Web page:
Clash Of Civilizations

We entered the phase of our last era of history where we re-assess what we have known and take a handful of thinkers away who are able to bridge the gap between near past and close future. Samuel Huntington proved multiple times to be one of those thinkers.

In my view, he analyzed the coming era well: where Francis Fukuyama argued that human civilization had reached its ultimate evolution in liberal democracy, Huntington saw that as individuals we needed to be recognized for contributions beyond the material.

This need for recognition parallels our needs for more to life than merely career, shopping, and paying taxes. We need to know that we are good, and Huntington saw that “good” was defined relative to culture by each group.

As he saw it, that fundamental need to demonstrate allegiance to the group and self in the same acts was responsible for most of social cohesion, and liberal democracy could not address this since it tends to ignore local culture in favor of universal morality and ideology.

Despite winning the war over other political systems, liberal democracy did not address the fact that civilization is more than political, legal, and economic systems; it consists of people, and they are united by individual needs that overlap with those of society.

With this in mind, Huntington suggested that liberal democracy would give way to nationalism, which he identified as a clash of civilizations (full essay) united by religion, ethnicity, culture, region, and race:

It is my hypothesis that the fundamental source of conflict in this new world will not be primarily ideological or primarily economic. The great divisions among humankind and the dominating source of conflict will be cultural. Nation states will remain the most powerful actors in world affairs, but the principal conflicts of global politics will occur between nations and groups of different civilizations. The clash of civilizations will dominate global politics. The fault lines between civilizations will be the battle lines of the future.

Although Huntington does not delve into this, the same pressure applies within diverse civilizations, where each tribe finds a need for its own identity and resists the universalizing egalitarian approach of utilitarianism, which like consumerism denies the need for meaning and alienates people into atomized units:

He was instead skeptical about the American-led West’s own universalist aspirations: its leaders’ desire to transform other civilizations into copies of theirs, by force if necessary. Their attempts would provoke resentment and retaliation—which is arguably just what we have seen, in the form of terrorism and insurgency from the Islamic world and Russian interference in Western elections, among other things. But Western overreach would be only one source of the many kinds of clashes to break out in the twenty-first century, Huntington argued. Anywhere rival civilizations abutted each other, including within “torn countries” that did not fully belong to one bloc or another, conflict could erupt.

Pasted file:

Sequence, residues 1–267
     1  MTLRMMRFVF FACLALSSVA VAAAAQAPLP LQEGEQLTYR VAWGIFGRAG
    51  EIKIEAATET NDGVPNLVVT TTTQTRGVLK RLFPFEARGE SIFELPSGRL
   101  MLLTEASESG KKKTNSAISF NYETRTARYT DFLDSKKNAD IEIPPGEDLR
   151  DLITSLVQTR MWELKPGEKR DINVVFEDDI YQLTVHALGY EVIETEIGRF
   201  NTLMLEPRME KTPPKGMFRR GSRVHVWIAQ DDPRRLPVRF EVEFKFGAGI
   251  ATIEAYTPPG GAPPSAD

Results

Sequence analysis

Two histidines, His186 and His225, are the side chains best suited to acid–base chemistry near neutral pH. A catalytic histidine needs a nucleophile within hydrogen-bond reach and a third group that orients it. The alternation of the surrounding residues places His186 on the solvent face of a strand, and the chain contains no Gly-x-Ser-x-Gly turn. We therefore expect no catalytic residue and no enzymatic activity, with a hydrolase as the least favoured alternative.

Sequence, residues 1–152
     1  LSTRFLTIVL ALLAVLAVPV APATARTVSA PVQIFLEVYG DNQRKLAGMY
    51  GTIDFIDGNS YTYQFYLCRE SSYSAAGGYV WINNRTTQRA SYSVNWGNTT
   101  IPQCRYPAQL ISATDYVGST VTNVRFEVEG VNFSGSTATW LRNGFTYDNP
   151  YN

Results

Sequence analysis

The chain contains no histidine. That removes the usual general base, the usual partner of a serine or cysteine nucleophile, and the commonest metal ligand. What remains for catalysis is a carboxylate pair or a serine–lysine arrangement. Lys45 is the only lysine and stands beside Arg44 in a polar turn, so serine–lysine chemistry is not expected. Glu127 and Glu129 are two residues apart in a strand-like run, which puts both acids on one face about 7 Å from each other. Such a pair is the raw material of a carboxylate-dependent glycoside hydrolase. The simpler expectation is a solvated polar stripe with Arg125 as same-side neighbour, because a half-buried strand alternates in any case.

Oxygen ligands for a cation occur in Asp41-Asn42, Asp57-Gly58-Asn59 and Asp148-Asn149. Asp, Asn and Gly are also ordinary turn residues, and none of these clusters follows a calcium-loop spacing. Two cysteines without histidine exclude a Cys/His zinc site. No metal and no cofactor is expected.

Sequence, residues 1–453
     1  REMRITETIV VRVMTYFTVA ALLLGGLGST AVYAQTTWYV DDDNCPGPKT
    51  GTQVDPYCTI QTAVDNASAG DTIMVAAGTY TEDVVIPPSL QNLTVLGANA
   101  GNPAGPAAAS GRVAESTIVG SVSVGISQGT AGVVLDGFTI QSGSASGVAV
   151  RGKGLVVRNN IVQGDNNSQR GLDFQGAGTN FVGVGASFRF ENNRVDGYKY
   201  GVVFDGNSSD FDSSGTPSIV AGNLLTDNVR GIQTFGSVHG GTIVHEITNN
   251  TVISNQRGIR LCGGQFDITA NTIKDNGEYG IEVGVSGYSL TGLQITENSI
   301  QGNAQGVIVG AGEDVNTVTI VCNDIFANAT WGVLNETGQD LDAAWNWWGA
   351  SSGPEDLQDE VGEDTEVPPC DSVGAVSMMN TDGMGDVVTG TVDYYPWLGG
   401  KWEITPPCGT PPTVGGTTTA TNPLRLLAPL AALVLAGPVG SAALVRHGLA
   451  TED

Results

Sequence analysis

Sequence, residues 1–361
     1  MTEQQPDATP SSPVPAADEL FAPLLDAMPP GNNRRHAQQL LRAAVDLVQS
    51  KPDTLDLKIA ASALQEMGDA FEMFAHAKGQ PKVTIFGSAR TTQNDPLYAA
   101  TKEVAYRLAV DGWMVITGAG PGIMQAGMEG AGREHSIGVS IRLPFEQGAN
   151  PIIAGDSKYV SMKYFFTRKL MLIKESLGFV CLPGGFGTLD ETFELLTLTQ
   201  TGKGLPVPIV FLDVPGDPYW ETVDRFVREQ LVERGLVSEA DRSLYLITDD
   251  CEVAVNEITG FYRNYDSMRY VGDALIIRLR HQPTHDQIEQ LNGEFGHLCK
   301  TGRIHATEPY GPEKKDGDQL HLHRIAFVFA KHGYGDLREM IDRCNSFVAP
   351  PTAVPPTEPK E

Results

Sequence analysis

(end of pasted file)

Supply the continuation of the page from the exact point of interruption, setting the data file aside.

In his followup book The Clash of Civilizations and the Remaking of World Order, Huntington argued against the West attempting to rule the world through a moral imperative based in egalitarianism. Instead, he argued for particularism, or accepting each civilization as it is and understanding that values differ greatly without there being enmity in that differentiation.

For those of us living in the dystopia of today, Huntington presents a powerful way to understand diversity: each civilization needs its own behaviors in order to have something for people to affirm through their creative actions. The young man who interprets jihad in a new way, the Frenchman who makes the best wine, the German engaged in dueling with razor-sharp swords, and the Japanese making lanterns for a springtime festival are all simultaneously affirming self and civilization with their actions.

In that light, our problem is not with any group, but the policy that puts different groups — fragments of different civilizations — into the same nation-state. In the same way that civilizations clash internationally in order to establish their autonomy, ethnic groups within a multiculture vie for dominance through constant low-grade ethnic warfare.

We know this warfare as a combination of crime, distrust, and people constantly being offended. Instead of viewing these behaviors as having a cause in themselves, it makes sense to see them as a form of signaling loyalty to the micro-civilization within the multiculture.

This leads to a situation where, in an effort to accommodate different groups, the majority must constantly adjust its own behaviors to the point where people cannot anticipate which actions will be rewarded, and therefore “hunker down” and withdraw from society.

Since civilizations exist, per Huntington, by choosing unique behaviors which signal adherence to the culture and therefore assert that culture, this multicultural distrust and ambiguity prevents the majority from having a civilization.

That in turn sets the groundwork for nothing but endless conflict until the majority either violently re-asserts itself — the Tulsa Race Riots and the Holocaust come to mind — or decides to euthanize itself by giving up its unique behaviors and passing into history.

As we in the West face that choice ourselves, we do well to remember Huntington and his way of viewing this situation not as racial enmity, but the struggle of each civilization to survive against the entropy of multiculturalism.

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